Hostel (R) It's better than Eli Roth's first film, Cabin Fever, but if Roth does — as executive producer Quentin Tarantino insists — represent "the future of horror," then horror must be going into the recycling business. Except that the characters are rather more than usually unlikable, all this occasionally effective thriller does is slap a revenge climax onto a standard torture and murder yarn about American tourists running afoul of a sadistic killers who pay a Slovakian hostel owner for the privilege of killing unwary foreigners. It may up the sadism, but it's nothing you haven't seen before. —KH
King Kong (PG-13) Peter Jackson could have and should have lost at least 30 minutes from his monkey opus. But be ready to forgive him. None of the many versions of Kong's story have approached the greatness of this film — perhaps not even the 1933 original. The essentials remain spot-on faithful to that original movie, but in between those he's made this pic his own. The result is much more than a sympathetic monster movie; Kong has become a deeply emotional, even tortured film. —Joshua Tyler
Last Holiday (PG-13) The great British writer J.B. Priestley wrote only one screenplay, Last Holiday. It was about a mousey salesman who's misdiagnosed as dying from "Lampington's Disease," prompting him to cash in his insurance and savings and go to a posh hotel for a last fling. Fifty-six years ago it was made into a great little movie with Alec Guinness; now it's been retooled with Queen Latifah as the protagonist. (Will they rework Bridge on the River Kwai next?) Though padded with broad comedy, it's surprisingly faithful in tone to the excellent original — up to its cop-out ending. Still, it mostly scores due to the combined charm of the Queen, L.L. Cool J, and Gérard Dedpardieu. —KH
Memoirs of a Geisha (PG-13) If a trip to Epcot Center's Japanese pavilion is impossible, just pop into Memoirs of a Geisha, cuz it's totally, like, Japanesey. Except what's really cool is that it's like those all-you-can-eat Asian buffets, where they've got a little bit of chow mein and a little bit of tempura, but nothing, like, too strange and yucky like sushi. Like, it's Asian enough to be cool, like Hello Kitty, but not so alien that you're like, Huh? It's also neat how director Rob Marshall cast, like, Chinese actors as the Japanese geisha girls and then — and this is really neat part — had them all speak American, so the movie wouldn't be too hard for people. — MJ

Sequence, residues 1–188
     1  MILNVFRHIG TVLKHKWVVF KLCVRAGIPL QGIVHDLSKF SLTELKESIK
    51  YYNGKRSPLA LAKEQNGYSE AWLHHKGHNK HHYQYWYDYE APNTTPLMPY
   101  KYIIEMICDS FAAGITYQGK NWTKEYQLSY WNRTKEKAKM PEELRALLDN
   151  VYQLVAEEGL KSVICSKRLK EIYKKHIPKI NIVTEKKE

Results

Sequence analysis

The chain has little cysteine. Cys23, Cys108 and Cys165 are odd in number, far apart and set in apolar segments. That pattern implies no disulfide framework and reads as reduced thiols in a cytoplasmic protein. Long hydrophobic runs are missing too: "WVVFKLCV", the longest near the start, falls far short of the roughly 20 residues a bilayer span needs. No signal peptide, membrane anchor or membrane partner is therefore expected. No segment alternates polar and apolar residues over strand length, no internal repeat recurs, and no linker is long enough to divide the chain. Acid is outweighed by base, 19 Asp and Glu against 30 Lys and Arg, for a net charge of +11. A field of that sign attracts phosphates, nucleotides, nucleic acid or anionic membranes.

Munich (R) Munich is not about the historic 1972 slayings of Israeli Olympic athletes by Arab terrorists, though it starts with that event. Steven Spielberg movie explores what followed, when a group of Mossad agents were sent to track down and assassinate the Black September members responsible. In doing so, they nearly become terrorists themselves. This is easily Spielberg's best film since Saving Private Ryan, and it's nice to see him return to heavier, more exacting material. This is a great movie, but not a friendly one. It asks a lot of its audience, and staying with it till the end demands a price. But Munich is going to stick with you long after leaving the theatre. —JT